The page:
• Is this our field? Critical mass is necessary for engagement, and the right identity frames helped build a broad tent.

More analysis to come soon, after our talk with folks at DiGRA-FDG next week…

Visualization ideas from Dot Connector Studio

We are collecting “tools to think with” for strategy with games and social impact.

Last week at G4C we met with Jessica Clark and Katie Donnelly and discovered some neat visualizations compiled by their Dot Connector Studio team, including some based on prior work from AIR, CMSI, TFI Interactive, etc., and reinterpreted (see their full overview).

Below are a few that we think might be useful for the #GameImpact project:

(1) Engagement Models — 10 different models with visuals.  See their full list (PDF).


(2) Partner Types — useful to resist simply “build it and they will come”!


(3) Roadmap for creating new projects — a great way to represent some of the “hooks and triggers” for strategic questions.  The focus here is on film, but much applies to games.  See also their full PDF.



Thanks again to Dot Connector Studio for sharing these!

Session at DiGRA-FDG: Increasing coherence in ‘impact’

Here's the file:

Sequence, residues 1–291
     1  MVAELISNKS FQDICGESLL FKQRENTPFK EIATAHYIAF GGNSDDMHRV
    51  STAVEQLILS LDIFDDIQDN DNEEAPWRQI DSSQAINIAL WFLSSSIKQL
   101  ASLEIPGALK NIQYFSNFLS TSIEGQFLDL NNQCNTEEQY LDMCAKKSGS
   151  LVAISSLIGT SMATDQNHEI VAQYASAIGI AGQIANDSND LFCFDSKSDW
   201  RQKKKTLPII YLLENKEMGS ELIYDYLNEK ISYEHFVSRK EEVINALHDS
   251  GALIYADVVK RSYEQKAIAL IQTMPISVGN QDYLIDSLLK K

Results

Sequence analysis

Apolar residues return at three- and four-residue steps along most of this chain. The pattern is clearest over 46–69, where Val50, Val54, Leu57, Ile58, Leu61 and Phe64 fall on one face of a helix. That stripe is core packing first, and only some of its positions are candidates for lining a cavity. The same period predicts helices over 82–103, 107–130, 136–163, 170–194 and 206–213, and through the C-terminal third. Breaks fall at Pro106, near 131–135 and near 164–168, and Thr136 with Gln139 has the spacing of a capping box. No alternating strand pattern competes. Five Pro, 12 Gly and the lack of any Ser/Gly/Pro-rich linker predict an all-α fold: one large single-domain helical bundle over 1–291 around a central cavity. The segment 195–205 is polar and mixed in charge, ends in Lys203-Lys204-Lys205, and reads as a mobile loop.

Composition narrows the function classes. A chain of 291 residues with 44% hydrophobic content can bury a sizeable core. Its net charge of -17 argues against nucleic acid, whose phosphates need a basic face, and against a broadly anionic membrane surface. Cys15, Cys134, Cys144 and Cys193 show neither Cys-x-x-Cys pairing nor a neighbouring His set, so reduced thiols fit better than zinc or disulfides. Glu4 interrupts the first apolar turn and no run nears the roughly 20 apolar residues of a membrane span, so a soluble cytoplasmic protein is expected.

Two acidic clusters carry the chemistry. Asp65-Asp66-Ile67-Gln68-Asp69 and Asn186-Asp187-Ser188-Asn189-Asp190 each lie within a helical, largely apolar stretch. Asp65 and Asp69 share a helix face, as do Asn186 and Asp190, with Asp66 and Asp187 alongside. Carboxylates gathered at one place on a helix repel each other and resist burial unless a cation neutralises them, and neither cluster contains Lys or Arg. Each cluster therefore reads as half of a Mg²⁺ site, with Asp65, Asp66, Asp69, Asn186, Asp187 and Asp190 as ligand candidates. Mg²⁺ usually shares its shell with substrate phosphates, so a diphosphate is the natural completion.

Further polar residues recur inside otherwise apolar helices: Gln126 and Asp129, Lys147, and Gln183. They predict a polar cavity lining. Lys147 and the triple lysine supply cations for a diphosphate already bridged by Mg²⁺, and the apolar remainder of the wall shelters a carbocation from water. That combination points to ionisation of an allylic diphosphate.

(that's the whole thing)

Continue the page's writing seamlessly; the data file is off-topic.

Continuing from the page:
Join us in Scotland on August 4th for the first joint convening of the Digital Games Research Association (DiGRA) and the Foundations of Digital Games conference (FDG):


Our session is: “Increasing coherence in ‘impact’: crossing disciplines and framing.” We’ll be presenting alongside talks by Jesper Juul and Hanli Geyser at 4pm.


In the past decade game design for “impact” has proliferated. Yet fragmentation is also growing between researchers, designers and funders in their ability to compare game proposals and communicate effectively about impact. Success in this endeavor may require new umbrella language to guide meaningful comparison and improve efficacy — especially across stakeholders. Fortunately, strategies for reducing friction and aligning design with research are surfacing.

In a report published last year by Games for Change and ETC Press (2015), we first revealed some of the hidden barriers in language and framing around “game impact.” Based on dozens of interviews with sector leaders (primarily in the United States), the report identified five areas of concern that increase confusion and undermine impact.

Findings to be discussed (and explored outside the United States) include:

  • the gulf between research and practice is growing as silos begin to deepen; some types of impact are persistently marginalized by disciplinary divides;
  • we need common language and new frames to compare impact across domains, especially with diverse stakeholders